It was 1999 when the 19-year old Shawn Fanning took full advantage of the compression capabilities of the mp3 format
and created “Napster”: A piece of software which allows the sharing of mp3 files with the entire cyberworld. The
Recording Industry Association of America, however, did not like the concept of sharing, for which they claimed a
misuse of rights equivalent to 20 billion dollars.
eMule, an abbreviation of electronic mule (the electronic mule from the logo of the program) is a program which allows free exchange of files over an internet connection between users. The birth of eMule occurred on the 13th of May 2002, the date on which the german programmer Hendrik Breitkreuz gathered some developers and started the design of the well-known P2P software.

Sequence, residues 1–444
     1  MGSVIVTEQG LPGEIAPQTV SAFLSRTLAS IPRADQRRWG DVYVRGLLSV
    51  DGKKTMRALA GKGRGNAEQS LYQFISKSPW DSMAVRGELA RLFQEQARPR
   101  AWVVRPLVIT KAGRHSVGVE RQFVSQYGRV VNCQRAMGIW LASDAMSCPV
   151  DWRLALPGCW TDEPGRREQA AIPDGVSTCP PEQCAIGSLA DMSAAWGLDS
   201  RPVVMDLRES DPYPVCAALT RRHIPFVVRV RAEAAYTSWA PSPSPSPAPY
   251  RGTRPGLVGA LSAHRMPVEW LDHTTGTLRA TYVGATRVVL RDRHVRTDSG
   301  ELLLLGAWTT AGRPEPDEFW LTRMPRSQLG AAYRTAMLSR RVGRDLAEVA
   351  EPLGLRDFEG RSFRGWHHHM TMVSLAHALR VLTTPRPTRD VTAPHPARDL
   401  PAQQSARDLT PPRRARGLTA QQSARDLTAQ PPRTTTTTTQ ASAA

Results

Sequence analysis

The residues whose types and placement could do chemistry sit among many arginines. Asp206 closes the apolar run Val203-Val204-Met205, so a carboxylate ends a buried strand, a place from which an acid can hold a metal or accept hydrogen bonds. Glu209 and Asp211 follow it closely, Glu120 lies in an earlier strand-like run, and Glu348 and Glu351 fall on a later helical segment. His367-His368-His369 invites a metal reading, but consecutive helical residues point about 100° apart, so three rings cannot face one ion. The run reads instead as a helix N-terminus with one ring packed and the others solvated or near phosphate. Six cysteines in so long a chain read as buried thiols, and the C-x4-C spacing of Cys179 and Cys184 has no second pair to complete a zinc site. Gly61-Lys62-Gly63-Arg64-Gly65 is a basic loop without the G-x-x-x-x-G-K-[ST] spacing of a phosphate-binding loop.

The downloadable files are not located on static servers, but are found on PCs of all kinds which are connected to the internet and use a program called “client”. The principle on which eMule works is that more is shared and more is downloaded. Contrary to Napser one can download truly everything in eMule: video, documents, games, music, images. In this way, much of that would otherwise be impossible to find in stores or anywhere else, do to loss of commercial interest, is preserved and has not become lost, remaining for free enjoyment.